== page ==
A few week’s back, fresh off taking the new Oct 14 PSAT, our 11th grade daughter brought a few friends home to dinner. All had college on their minds; none really wanted to talk about it. Neither did we. And here’s why.

Talking college with your teen is a lot like giving or having a performance appraisal or asking your boss for a raise.

It’s a deeply personal and extremely sensitive (not to mention, competitive) conversation. And there is a time and a place for conversations like those. A casual dinner in front of friends or your extended family is not one of those times. That said, it’s hard to avoid – talking about this college thing.

Like moths to flames, college conversations happen everywhere and all the time – especially among teenagers (and their parents) who are being inundated with information and frankly, a lot of misinformation, about what it takes to get in, what tests and courses they should and shouldn’t be taking, how much it costs, why they should or shouldn’t go to a particular school, etc.

Now, as a higher ed professional I know better. I know that nothing can strike a nerve or cause more distress (and stress) to a college bound teen (and their parents) than A) being offered unsolicited college advice or B) getting asked any hypothetical college-related question.

But as a mom, even one who has professionally counseled hundreds of students and parents on how or when to have difficult college conversations, I know stuff (as in, uncomfortable college conversations) happens. And if I’m being completely honest, I’m sure my daughter would tell you that I’m the main cause of this stuff to happen (for her).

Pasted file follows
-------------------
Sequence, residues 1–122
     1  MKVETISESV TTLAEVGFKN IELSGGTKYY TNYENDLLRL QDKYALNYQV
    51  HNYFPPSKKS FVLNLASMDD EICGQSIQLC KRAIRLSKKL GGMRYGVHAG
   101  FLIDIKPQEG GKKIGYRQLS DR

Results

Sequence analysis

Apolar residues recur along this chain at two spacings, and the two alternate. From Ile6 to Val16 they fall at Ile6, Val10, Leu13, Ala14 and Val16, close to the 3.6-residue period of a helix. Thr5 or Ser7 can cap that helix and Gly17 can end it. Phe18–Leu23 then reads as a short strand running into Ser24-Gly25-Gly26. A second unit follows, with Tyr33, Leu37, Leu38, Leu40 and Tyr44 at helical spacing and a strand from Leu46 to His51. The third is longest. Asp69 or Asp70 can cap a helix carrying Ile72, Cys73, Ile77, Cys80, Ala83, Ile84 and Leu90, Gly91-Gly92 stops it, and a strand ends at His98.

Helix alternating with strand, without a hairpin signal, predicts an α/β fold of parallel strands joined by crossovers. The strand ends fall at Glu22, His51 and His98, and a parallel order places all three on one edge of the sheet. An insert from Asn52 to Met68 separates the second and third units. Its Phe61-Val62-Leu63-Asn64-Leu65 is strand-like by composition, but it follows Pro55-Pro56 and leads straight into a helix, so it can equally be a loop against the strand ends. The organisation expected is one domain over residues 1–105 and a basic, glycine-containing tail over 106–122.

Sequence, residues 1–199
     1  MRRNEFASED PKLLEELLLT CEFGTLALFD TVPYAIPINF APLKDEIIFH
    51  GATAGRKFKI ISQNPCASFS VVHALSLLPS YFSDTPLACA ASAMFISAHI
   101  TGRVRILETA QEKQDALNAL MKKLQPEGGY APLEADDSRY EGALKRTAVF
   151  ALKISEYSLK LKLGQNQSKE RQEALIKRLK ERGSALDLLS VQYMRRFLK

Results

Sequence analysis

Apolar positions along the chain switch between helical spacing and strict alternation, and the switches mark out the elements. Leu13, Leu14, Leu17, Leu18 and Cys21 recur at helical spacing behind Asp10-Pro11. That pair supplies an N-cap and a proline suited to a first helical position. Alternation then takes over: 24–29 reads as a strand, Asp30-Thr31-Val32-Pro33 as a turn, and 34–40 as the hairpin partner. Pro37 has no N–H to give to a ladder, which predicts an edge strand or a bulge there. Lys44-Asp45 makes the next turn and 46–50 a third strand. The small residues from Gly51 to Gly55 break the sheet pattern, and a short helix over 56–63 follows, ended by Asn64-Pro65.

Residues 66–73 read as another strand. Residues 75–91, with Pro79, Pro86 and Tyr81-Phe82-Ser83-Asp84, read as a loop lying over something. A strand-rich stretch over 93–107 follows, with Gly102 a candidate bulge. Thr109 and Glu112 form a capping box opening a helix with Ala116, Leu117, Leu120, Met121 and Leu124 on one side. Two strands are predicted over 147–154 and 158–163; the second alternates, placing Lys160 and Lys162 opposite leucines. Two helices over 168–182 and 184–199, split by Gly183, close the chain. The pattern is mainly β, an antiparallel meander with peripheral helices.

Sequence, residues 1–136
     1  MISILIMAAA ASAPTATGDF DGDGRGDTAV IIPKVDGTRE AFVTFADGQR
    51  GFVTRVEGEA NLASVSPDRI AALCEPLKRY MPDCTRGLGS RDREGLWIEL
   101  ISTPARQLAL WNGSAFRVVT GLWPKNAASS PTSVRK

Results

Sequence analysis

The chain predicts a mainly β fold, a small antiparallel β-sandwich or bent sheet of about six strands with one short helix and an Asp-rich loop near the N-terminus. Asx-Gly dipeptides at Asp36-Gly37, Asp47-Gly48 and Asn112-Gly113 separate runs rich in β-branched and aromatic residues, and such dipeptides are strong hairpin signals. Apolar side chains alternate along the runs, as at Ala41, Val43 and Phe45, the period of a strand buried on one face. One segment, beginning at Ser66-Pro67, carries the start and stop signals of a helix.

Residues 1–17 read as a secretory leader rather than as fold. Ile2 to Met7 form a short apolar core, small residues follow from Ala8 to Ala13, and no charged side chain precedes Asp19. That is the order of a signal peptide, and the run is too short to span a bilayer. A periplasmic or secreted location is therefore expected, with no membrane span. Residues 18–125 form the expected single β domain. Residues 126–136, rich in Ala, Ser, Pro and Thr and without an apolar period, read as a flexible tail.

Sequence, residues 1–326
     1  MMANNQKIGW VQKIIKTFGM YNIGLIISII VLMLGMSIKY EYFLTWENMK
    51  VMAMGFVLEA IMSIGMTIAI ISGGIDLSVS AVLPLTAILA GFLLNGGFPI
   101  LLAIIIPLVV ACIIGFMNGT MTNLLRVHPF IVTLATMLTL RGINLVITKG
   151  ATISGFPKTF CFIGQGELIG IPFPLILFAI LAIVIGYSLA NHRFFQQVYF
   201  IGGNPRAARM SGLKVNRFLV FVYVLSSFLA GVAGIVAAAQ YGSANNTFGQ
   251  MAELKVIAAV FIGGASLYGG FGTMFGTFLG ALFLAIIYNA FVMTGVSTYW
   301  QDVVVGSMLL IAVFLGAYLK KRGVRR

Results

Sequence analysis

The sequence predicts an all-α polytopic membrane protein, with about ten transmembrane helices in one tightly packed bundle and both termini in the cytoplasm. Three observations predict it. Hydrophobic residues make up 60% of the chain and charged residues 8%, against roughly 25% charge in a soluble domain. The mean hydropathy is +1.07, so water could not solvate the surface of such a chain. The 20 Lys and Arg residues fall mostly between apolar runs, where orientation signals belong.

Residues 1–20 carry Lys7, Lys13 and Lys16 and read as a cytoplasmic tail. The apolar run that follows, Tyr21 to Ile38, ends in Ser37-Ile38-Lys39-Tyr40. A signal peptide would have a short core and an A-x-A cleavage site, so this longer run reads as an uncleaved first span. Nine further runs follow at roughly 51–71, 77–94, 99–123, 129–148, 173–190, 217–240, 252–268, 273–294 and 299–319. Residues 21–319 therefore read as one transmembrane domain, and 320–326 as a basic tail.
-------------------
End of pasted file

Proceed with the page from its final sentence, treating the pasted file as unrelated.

So, since my Thanksgiving table will be filled with my own children as well as many of my teenage and college-bound nieces and nephews, I’ve created a college conversation ‘cheat sheet’ for my own family. And while I certainly understand that there are rightfully far more critical and global matters on most of our minds this Thanksgiving, I hope these tips might be helpful should you find yourself talking college over turkey (or football) at your Thanksgiving table.

Tips for Talking About College

Tip #1: Don’t ask a 12th grader, ‘So, have you finished all of your applications?’ or worse; ‘Have you heard from {insert student’s Top Choice U}’? Or for that matter, don’t ask them these two either: ‘What are you going to major in…’ and the dreaded follow up of ‘Seriously? what are you going to do with that?’ I promise, 12th graders who have or know these answers will surely volunteer them. So, if they haven’t said, you probably shouldn’t ask.

Tip #2: Don’t ask anyone, ‘Where do you want to go to college?’ or, ‘How many AP’s are you taking?’, or especially this: What they got on the {insert Admissions Test of choice}? Instead, steer the conversation towards what they like to ‘do’ in or out of the classroom​ or how they’re enjoying or not enjoying {insert grade here}. They’ll volunteer more if you offer a softer touch.

Tip #3: Know that your silence is always a better response than ‘You know what you should do…’ or any variation thereof including, ‘You know who you should talk to…’, ‘You know what your cousin did or is doing’, and finally, You know what my best friend’s son’s girlfriend’s teacher said…’ Any of these are the fastest way to turn off your teen on any topic.

Tip #4: Students, these last two are for you! If someone does ask you any of the above… please try not to become defensive or to read into the question more than you should. Consider any question to be a well-intentioned conversation starter and not one that is meant to cause you any anxiety.